To address this issue, we use the Italian Survey of Household Income and Wealth, which records detailed portfolio data and elicits expectations of retirement outcomes and spans the 1989-2006 period. The results show that real wealth responds more than financial assets to social security wealth innovations; if social security wealth decreases by one year’s income, real assets increase by 7 months and safe financial assets by 1 month’s income. Moreover, the extent of the households’ response is larger among those who are better able to estimate future pension entitlements. Finally, the propensity to purchase private pension funds and life insurance has not increased after the reform.
This evidence has four main implications.
First, though Italian households seem to be aware of the effect of pension reforms on replacement rates and the social security wealth they will be entitled to, there is still a considerable gap between expectations and legislated values of pension benefits. Improving information about pension benefits is therefore of paramount importance.
Second, since the offset between social security wealth and private wealth is considerably less than one-for-one, even for informed households, increasing information is not sufficient to induce households to increase their private wealth.
Third, the particular asset mix of Italian households matters. Pension reforms have not diminished the propensity to invest in real estate. On the contrary, they have apparently induced additional demand for housing. Will people be able to use this additional wealth to supplement the fall in income after retirement? For example, pension reforms have reduced social security wealth of middle-aged average workers by about €45,000, a reduction that is likely to be offset by an increase in consumable private wealth of only €20,000.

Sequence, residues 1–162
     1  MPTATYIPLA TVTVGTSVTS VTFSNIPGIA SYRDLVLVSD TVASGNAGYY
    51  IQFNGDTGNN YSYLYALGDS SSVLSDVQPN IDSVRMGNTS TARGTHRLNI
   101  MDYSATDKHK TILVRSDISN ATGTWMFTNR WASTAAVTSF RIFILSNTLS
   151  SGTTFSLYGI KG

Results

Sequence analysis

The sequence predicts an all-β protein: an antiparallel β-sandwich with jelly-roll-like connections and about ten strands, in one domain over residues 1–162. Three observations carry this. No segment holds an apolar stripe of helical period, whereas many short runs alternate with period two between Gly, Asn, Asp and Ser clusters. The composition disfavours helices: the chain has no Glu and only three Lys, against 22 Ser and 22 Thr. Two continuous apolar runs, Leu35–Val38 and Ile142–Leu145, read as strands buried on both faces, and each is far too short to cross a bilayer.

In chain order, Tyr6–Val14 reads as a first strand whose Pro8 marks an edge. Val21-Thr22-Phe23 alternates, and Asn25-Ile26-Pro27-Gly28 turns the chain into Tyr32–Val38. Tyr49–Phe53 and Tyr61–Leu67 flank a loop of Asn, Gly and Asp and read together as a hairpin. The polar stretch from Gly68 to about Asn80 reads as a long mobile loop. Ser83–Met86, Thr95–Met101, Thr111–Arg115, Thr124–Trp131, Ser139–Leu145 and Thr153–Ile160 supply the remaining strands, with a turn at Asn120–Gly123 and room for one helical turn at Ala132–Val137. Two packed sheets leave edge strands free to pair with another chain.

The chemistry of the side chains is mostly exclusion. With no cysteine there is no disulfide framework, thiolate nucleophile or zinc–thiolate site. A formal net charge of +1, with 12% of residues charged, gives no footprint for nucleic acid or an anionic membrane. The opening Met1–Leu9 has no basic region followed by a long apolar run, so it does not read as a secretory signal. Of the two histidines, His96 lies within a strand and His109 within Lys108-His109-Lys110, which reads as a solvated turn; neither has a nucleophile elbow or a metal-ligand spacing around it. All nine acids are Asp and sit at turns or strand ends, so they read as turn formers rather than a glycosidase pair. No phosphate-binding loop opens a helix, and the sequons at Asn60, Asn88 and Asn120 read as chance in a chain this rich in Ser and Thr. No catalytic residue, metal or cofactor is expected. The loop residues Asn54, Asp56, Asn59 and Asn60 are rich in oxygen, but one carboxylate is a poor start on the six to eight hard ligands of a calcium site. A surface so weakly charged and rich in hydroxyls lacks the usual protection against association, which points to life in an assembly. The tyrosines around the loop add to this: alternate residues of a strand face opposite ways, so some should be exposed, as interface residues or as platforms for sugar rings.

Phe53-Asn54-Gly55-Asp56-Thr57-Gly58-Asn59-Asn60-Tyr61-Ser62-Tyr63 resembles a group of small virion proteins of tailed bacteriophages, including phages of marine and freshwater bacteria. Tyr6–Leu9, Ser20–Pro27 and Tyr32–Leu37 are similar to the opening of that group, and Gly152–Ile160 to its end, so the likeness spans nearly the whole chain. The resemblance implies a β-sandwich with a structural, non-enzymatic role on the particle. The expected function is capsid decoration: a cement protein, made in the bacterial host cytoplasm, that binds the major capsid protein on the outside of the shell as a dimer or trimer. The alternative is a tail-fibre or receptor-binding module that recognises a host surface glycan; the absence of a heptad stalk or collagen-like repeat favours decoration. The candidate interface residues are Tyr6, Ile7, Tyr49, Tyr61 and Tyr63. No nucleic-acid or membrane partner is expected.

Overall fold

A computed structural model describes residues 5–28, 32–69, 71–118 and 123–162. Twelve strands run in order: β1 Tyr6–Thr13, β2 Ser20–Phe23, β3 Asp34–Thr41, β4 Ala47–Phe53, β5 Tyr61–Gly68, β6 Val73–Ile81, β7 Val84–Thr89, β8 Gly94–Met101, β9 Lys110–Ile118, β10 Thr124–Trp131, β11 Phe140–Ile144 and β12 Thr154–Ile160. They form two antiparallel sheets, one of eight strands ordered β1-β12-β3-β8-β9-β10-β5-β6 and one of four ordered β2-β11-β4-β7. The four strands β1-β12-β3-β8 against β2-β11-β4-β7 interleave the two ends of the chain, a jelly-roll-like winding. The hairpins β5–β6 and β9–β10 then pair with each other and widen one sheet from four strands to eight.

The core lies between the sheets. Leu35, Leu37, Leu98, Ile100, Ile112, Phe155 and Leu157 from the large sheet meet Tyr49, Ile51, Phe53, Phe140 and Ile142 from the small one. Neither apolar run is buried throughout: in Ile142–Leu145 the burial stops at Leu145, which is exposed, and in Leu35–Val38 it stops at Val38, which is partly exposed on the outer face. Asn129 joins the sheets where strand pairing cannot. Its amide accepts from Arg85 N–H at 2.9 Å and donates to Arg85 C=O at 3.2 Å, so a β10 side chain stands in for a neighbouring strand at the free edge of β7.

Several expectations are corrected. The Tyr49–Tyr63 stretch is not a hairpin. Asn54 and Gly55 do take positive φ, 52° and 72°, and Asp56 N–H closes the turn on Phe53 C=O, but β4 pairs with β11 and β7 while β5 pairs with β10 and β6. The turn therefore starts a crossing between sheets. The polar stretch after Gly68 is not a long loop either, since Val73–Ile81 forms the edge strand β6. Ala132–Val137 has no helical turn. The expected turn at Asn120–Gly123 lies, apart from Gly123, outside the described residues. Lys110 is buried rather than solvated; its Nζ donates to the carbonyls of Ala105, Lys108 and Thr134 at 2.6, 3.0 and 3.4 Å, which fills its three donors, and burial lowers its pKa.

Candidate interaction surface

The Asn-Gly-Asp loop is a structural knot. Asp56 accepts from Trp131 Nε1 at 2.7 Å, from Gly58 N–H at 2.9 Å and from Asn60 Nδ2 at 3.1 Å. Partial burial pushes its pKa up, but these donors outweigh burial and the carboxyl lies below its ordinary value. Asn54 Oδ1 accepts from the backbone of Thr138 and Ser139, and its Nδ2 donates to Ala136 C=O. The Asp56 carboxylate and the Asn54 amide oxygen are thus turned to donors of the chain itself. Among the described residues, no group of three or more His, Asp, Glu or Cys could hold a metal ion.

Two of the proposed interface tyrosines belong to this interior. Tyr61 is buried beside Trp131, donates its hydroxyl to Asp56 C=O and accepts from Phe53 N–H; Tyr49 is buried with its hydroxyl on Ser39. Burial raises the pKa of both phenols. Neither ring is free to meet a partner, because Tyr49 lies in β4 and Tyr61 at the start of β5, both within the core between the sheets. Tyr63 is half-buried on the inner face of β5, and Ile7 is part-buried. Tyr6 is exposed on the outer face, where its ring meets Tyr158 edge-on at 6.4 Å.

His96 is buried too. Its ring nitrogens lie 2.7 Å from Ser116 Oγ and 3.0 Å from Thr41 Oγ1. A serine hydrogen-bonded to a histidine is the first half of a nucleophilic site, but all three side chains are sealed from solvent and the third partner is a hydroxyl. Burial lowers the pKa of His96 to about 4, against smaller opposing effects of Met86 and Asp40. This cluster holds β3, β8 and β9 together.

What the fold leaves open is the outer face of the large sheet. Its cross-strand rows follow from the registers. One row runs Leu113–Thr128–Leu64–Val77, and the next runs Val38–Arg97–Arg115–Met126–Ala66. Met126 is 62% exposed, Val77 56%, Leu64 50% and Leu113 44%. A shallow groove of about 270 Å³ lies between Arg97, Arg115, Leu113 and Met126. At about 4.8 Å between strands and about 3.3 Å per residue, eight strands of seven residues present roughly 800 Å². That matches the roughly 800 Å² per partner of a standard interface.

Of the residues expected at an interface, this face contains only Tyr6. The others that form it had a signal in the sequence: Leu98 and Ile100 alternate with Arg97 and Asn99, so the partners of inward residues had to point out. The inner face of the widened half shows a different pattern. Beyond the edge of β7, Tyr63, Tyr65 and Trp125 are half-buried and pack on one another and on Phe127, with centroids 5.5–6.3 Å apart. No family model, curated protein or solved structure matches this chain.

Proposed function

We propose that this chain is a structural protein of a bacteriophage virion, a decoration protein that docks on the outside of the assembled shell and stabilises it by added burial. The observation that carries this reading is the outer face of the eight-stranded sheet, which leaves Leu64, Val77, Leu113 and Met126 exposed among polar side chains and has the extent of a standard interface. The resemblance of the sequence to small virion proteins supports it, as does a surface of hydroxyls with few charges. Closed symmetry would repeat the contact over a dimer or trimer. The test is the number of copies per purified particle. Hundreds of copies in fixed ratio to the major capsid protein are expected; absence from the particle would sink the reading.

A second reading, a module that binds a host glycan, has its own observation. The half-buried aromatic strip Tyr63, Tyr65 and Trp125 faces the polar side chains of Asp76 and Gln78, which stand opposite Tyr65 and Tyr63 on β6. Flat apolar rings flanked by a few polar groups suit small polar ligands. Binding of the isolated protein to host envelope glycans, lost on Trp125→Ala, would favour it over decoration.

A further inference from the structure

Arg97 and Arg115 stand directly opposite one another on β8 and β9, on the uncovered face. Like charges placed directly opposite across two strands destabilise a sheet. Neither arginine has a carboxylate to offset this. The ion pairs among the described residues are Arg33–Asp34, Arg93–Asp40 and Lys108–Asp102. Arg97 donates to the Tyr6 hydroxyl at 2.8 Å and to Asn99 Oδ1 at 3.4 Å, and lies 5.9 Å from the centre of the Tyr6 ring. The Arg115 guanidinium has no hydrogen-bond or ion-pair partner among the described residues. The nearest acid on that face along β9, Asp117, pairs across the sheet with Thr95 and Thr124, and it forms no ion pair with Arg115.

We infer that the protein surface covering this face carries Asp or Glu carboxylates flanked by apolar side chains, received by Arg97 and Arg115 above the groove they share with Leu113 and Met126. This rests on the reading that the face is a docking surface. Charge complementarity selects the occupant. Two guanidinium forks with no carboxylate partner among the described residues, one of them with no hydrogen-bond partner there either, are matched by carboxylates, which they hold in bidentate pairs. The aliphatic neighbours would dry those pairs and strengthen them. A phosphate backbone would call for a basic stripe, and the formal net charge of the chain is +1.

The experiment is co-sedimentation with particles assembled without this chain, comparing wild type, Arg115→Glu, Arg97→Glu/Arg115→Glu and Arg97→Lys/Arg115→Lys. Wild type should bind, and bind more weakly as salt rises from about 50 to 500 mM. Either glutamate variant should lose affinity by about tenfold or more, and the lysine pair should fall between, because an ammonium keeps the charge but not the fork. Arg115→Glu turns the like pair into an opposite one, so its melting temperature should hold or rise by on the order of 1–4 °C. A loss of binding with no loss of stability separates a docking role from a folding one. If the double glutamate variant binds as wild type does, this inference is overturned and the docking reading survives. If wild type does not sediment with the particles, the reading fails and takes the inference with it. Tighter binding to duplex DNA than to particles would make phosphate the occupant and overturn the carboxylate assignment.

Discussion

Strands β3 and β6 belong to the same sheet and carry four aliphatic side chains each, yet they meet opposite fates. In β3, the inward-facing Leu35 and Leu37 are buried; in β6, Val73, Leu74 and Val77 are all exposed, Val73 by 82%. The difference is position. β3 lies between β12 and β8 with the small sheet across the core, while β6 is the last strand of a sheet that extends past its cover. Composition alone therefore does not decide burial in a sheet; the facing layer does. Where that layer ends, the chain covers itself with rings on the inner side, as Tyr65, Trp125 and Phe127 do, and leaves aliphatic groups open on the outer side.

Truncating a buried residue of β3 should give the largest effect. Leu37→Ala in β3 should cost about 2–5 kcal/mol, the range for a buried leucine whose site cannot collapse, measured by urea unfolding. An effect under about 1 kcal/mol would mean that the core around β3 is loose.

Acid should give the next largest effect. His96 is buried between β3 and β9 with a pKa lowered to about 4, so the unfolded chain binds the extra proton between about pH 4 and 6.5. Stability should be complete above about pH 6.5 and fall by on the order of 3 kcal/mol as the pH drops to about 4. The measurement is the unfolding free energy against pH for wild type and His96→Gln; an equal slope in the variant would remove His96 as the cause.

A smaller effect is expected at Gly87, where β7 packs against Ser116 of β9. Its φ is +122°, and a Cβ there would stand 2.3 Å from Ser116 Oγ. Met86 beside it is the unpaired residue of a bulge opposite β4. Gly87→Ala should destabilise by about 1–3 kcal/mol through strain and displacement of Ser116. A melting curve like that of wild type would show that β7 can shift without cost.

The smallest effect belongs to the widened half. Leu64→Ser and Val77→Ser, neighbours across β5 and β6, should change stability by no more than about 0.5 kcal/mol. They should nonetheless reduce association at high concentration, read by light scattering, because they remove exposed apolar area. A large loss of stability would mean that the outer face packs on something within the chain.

This means that the response of private wealth to pension reforms is still limited, and that the adequacy of saving issue will be an important concern for future generations of retirees.
Finally, despite a decade of intense legislative efforts, a negligible fraction of the increase in private wealth has been channelled in private pension plans.
Attanasio, Orazio P., and Agar Brugiavini (2003), “Social Security and Households’ Saving,” Quarterly Journal of Economics 118, 1075-1119.
Bernheim, Douglas (2002), “Taxation and Saving,” in Handbook of Public Economics. Volume 3, Alan Auerbach and Martin Feldstein eds. Amsterdam: North-Holland.
Bottazzi, Renata, Tullio Jappelli and Mario Padula (2006), “Retirement Expectations, Pension Reforms, and their Effect on Private Wealth Accumulation,” Journal of Public Economics 90, 2167-2213.
Bottazzi, Renata, Tullio Jappelli and Mario Padula (2009), “The Portfolio Effects of Pension Reforms,” CEPR DP n.7380.
Feldstein, Martin (1974), “Social Security, Induced Retirement and Aggregate Capital Accumulation,” Journal of Political Economy 82, 357-74.
Feldstein, Martin, and Anthony Pellechio (1979), “Social Security and Household Accumulation: New Microeconometric Evidence,” Review of Economics and Statistics 61, 361-68.
Gale, William G. (1998), “The Effect of Pension Wealth on Household Wealth: a Reevaluation of Theory and Evidence,” Journal of Political Economy 106, 706-23.